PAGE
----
There is a large section on the results of Deng Xiaoping’s economic reform programme and the Chinese embrace of a market economy. China has flourished over the past 21 years, in part because it has abused the benefits conferred upon it by WTO developing country membership, in part through intellectual property theft, in part because its population is docile and hardworking. Growth, stability and “personal freedom” are the expressed goals of the CCP and President Xi. But Mahbubani wonders whether economic growth in the free market system China has chosen, is not going to be politically disruptive: “It can create new political classes with the means to challenge the one party rule of the CCP.” There is a growing middle class, which, as in the West, could demand greater political participation. “If government ignores these demands there could be a revolution on the streets and the government would be overthrown.” Why hasn’t this happened yet in today’s China? Because, says the author, there is an implicit social contract between the Chinese government and the Chinese people: “As long as the Chinese government continues to deliver economic growth and social stability, the Chinese people will accept the rule of the CCP.”

And here is the nub of the matter, which the book deals with perfectly fairly. On the one hand, the CCP is creating a form of socialism “with Chinese characteristics” – citizens have unparalleled freedom to travel abroad, for example, and to become personally wealthy. On the other hand, unlike in Western democratic liberal societies with rule of law, the Chinese communist state is considered to be more important than the individual – the reverse is true in the West. The author quotes American vice-president Mike Pence: “China’s rulers aim to implement an Orwellian system premised on controlling virtually every facet of human life.”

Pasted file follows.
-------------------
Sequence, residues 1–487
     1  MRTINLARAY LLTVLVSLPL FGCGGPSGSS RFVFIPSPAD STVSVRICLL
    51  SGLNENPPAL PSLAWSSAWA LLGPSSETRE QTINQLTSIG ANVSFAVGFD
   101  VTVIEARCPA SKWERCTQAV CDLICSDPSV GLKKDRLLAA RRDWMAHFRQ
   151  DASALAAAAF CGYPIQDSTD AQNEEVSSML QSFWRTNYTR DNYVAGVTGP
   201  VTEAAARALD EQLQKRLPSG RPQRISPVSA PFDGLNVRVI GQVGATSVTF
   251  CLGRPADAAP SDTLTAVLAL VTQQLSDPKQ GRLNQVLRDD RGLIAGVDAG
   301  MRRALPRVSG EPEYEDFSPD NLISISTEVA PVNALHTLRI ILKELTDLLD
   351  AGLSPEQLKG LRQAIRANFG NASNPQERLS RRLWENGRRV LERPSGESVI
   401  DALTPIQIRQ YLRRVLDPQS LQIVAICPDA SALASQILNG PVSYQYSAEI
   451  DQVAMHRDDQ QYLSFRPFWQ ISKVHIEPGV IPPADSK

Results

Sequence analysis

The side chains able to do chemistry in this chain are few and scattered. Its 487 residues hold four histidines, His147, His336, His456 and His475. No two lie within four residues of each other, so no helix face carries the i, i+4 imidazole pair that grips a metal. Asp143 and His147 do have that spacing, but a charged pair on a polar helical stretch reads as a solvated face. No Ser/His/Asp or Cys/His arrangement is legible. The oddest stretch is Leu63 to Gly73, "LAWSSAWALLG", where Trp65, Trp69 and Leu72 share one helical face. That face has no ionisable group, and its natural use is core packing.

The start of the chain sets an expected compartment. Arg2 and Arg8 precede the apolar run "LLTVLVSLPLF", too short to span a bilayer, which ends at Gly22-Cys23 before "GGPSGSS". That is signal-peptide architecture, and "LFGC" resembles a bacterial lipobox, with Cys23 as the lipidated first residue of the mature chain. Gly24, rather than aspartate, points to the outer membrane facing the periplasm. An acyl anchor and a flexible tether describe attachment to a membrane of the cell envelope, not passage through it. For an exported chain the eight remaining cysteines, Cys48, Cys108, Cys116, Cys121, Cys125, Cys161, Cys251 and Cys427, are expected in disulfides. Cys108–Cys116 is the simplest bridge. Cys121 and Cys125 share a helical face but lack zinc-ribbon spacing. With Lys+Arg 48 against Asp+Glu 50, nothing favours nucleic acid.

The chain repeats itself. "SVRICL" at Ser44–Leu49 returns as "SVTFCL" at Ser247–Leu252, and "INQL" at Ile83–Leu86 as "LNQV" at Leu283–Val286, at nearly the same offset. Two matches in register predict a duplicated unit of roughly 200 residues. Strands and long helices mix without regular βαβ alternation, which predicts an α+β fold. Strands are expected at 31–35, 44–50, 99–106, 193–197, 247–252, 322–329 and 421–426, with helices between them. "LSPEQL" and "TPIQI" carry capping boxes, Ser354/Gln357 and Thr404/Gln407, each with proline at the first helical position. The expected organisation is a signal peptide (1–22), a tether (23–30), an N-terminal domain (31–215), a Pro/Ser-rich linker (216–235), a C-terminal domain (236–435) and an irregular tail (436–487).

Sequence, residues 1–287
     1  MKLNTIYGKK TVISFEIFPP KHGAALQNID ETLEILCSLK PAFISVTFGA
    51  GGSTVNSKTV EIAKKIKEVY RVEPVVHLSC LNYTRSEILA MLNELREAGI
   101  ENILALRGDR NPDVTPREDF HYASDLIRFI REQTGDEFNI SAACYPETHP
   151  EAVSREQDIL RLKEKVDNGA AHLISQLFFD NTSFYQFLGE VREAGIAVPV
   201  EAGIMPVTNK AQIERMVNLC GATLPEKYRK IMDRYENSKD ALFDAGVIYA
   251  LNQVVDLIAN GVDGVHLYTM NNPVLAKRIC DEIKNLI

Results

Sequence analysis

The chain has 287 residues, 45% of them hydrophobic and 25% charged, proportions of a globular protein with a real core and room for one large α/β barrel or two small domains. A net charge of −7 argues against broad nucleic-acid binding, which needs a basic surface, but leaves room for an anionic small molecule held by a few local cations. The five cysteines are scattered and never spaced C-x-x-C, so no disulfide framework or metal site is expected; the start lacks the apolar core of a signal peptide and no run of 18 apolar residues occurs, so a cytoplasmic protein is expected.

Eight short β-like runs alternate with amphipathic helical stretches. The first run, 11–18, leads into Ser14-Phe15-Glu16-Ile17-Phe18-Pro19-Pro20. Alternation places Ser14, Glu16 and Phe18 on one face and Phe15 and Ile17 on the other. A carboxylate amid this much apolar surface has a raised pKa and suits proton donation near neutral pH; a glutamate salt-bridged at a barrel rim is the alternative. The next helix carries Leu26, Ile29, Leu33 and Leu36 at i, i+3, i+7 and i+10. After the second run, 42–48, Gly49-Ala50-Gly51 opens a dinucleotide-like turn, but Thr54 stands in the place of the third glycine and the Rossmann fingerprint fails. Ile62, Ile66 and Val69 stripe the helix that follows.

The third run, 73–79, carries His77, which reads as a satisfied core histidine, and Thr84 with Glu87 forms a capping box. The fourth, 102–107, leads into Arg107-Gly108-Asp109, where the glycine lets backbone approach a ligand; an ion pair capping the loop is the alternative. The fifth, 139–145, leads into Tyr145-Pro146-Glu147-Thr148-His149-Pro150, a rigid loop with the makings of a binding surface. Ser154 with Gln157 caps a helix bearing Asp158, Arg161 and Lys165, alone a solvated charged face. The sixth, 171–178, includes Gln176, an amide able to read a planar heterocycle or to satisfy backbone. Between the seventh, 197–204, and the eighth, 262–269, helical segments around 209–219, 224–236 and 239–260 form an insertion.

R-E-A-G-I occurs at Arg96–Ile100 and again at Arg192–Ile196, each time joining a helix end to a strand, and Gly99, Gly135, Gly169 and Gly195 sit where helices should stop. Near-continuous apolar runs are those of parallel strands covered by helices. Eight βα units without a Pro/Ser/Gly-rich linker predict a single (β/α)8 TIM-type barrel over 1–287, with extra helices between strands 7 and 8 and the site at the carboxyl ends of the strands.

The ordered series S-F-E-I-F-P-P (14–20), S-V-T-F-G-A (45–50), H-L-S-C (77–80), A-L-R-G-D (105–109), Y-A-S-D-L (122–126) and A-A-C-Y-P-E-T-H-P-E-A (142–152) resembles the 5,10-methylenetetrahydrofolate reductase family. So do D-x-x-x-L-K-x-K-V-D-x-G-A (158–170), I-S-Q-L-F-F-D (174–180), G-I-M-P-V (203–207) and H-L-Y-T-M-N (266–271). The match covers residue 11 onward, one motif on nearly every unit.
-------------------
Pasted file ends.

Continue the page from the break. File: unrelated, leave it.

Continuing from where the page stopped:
Part of this system comprises adherence to the “social credit” scheme, started in 2014. It would be inconceivable to have such a scheme in the West where small infringements of an everyday nature, such as speeding or smoking in a non-smoking zone, etc, would count against your social credit score. If you get a low score, you can, for example, be punished by being denied train tickets or suchlike privileges.